5. Place curry in serving bowl and top with remaining beans sprouts, cilantro, green onion, peanuts and wedges of remaining half lime. Serve with rice or noodles.

Squash Dumplings

Jonathan Korecki, the executive chef at Sidedoor Contemporary Kitchen who recently won fame as one of the finalists on Top Chef Canada, says his favourite squash is the kabocha, which he gets from Acorn Creek Garden Farm. Here’s his recipe for making dumplings from the kabocha, which is popular in Japan.

Makes: about 30 to 40 dumplings or about 4 servings

■ 1 medium kabocha squash

■ 1/4 cup (50 mL) butter

■ 1 to 1 1/2 cups (250 to 375 mL) all-purpose flour

■ 1 egg

■ 1 tbsp (15 mL) kosher salt

■ Leaves from 12 to 16 Brussels sprouts, blanched

■ 1 McIntosh apple

1. Wash the squash and cut into quarters. Use a spoon to remove seeds and pithy insides. Simmer the quarters in salted water until tender — about 30 minutes.

2. While the squash is cooking, brown the butter over medium heat until nutty and fragrant.

3. Once squash is cooked, scoop out the flesh and press through a ricer or a food mill: it should yield about 4 cups (1 L). In a bowl, mix the squash, flour, eggs and salt until just combined. On a floured surface, roll the mixture into logs about an inch (2 to 3 cm) thick, then cut into inch-long (3-cm) dumplings. (At this point, you can freeze the dumplings on a tray and cook from frozen.)

4. Whether fresh-made or frozen, cook dumplings in a pot of boiling salted water until they float. Toss with some blanched Brussels sprouts leaves, batons (like matchsticks but a bit thicker and sturdier) of fresh apple and brown butter.

Georgia Candy Roaster Squash & Peanut Soup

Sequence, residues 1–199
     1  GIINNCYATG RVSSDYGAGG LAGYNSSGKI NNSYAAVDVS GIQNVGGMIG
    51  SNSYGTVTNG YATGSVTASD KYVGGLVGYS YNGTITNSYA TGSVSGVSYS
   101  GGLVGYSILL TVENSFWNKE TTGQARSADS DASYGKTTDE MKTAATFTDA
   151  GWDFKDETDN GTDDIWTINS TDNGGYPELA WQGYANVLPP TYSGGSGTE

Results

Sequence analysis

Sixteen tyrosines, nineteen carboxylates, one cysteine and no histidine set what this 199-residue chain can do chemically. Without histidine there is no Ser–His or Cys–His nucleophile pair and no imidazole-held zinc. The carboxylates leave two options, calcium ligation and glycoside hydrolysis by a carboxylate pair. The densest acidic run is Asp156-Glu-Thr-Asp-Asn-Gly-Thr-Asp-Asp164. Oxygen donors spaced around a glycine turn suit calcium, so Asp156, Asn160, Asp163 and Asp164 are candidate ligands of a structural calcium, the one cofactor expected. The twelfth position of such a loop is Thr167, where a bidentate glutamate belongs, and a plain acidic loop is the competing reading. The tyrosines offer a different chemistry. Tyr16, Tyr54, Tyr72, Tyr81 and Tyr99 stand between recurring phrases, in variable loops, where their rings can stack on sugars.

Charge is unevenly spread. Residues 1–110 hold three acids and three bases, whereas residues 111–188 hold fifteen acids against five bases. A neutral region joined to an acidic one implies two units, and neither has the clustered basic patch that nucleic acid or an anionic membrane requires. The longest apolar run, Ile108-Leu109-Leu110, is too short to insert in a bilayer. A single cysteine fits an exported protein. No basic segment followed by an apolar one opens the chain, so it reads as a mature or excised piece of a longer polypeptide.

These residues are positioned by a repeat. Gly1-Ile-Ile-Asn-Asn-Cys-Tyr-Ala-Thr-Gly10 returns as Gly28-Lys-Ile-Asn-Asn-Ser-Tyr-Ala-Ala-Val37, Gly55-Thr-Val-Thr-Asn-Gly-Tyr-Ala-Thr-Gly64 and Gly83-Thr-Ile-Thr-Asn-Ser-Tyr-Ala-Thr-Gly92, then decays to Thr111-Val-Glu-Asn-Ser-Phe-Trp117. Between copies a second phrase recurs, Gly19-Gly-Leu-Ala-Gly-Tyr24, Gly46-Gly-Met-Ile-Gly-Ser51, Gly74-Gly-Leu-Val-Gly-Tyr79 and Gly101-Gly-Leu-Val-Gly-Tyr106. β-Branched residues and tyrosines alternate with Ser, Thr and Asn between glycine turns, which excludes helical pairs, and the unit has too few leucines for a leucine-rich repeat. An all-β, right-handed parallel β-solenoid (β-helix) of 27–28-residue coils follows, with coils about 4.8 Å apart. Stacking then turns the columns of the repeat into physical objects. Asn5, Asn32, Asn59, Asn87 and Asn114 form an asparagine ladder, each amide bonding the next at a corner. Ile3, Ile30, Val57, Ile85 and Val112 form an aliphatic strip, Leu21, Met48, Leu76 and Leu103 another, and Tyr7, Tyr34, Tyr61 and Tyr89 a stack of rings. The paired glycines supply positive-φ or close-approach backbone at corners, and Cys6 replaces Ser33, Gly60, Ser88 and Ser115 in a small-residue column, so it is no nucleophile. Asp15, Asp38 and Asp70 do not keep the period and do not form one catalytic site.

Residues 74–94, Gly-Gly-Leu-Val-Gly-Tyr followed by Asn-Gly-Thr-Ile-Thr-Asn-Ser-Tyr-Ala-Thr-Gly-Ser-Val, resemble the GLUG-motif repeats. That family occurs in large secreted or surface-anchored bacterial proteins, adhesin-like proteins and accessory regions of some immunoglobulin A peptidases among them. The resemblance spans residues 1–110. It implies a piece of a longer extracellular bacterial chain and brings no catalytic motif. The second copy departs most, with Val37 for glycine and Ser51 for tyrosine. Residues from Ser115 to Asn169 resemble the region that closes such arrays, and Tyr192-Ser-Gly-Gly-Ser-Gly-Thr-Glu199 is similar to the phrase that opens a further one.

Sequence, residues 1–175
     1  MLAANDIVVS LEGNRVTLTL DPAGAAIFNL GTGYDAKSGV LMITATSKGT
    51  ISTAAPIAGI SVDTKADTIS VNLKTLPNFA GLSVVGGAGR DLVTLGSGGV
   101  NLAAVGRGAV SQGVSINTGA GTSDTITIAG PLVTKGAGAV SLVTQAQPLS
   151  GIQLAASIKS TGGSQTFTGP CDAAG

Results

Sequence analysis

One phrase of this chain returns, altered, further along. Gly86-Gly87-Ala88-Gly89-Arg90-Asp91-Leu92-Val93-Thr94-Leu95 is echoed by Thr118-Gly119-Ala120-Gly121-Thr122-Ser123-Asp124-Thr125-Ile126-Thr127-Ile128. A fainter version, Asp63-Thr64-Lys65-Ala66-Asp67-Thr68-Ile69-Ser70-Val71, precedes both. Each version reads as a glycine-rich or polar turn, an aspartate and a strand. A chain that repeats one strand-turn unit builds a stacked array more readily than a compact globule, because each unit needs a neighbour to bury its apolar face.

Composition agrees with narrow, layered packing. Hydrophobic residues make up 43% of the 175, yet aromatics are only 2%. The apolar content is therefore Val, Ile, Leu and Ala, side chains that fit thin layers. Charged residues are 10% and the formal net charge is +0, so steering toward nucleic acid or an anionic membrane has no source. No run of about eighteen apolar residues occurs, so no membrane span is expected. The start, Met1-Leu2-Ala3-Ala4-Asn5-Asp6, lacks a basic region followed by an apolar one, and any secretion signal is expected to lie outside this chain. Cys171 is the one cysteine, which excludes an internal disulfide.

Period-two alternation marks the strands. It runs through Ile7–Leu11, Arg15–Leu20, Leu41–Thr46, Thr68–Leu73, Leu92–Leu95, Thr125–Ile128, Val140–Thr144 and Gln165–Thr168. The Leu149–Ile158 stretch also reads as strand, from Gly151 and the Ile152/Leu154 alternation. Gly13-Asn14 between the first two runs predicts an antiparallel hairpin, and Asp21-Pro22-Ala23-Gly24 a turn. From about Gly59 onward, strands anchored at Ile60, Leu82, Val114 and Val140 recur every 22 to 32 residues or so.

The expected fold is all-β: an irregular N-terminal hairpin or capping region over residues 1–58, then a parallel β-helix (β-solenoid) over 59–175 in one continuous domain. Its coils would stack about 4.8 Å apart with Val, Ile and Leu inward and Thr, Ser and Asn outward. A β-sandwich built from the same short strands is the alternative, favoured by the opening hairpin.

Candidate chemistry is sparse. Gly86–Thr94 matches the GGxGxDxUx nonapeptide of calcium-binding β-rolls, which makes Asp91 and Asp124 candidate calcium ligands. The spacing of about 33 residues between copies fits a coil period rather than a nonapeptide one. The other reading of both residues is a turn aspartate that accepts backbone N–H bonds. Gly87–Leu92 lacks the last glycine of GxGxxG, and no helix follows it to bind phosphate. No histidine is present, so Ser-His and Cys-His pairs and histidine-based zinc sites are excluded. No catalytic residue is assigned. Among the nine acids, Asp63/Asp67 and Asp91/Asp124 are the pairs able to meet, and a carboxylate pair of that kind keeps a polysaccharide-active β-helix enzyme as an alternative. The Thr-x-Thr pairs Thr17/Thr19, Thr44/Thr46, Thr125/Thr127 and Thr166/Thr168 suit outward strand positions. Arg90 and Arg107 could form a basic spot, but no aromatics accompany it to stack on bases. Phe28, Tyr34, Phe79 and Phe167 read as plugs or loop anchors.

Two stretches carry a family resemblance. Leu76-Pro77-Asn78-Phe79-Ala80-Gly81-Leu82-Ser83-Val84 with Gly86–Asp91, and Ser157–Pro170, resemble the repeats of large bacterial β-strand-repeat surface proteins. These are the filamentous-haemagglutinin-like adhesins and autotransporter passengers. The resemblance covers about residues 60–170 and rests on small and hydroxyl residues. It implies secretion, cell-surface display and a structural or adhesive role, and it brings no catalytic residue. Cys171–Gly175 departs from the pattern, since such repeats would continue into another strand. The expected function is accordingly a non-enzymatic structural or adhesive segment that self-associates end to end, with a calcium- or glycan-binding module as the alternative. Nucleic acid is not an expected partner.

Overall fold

(Photo: Chris Mikula)

Chris Lord, chef at the hot new Union 613 restaurant on Somerset Street, says he first created this soup with sweet potatoes for a chef appreciation night at Oz Kafe back in January, months before Union 613 opened.

“I really liked the way it turned out,” he says. “But now I make it with George Candy Roaster squash, from Rideau Pines and Acorn Creek, and I like it even better. We’ll keep it on the menu as long as I can get the squash.”

Makes: about 20 cups (5 L) or about 10 to 15 servings

■ Half a Georgia Candy Roaster squash (about 4 lbs/2 kg), peeled, seeded and cubed

■ 3 tbsp (30 mL) canola oil, divided

■ 1 medium carrot, peeled and diced

■ 1 stalk celery, diced

■ Half a large Spanish onion, peeled and diced

■ Half a head of garlic, peeled and minced

■ 1 tbsp (15 mL) curry powder

■ 1/2 tsp (2 mL) ground cumin

■ 1/2 tsp (2 mL) chili powder

■ 2 canned chipotle peppers in adobo sauce

■ 1/2 cup (125 mL) peanuts, roasted

■ About 10 cups (2.5 L) vegetable or chicken stock

■ 1/2 cup (125 mL) smooth peanut butter

■ Half a 28-ounce (800-mL) can whole tomatoes

■ 2 cups (500 mL) 35% cream


■ Onion sprouts

■ Roasted peanuts

■ Smoked olive oil

1. Preheat oven to 400 F (200 C). Toss the squash with 1 tbsp (15 mL) of canola oil to coat. Roast on a pan in oven until the flesh is soft and starting to caramelize.

2. In a large pot, heat remaining 2 tbsp (25 mL) canola oil over medium heat and add the diced carrot, celery, onion and garlic. Sauté until the onions are translucent, then add roasted squash, spices, chipotle peppers and peanuts.

3. Add the stock and increase the heat until soup is simmering. Simmer for about 20 minutes.

4. Add peanut butter, tomatoes and cream. Simmer for another 15 minutes.

5. Using a blender, purée soup in small batches, then strain through a chinois (conical strainer). Once all the soup has been strained, reheat and season to taste with salt and pepper and adjust consistency by adding more liquid.

6. If desired, garnish bowls of soup with onion sprouts, roasted peanuts and smoked olive oil.

The recipes for these seasonal treats come from Foodland Ontario.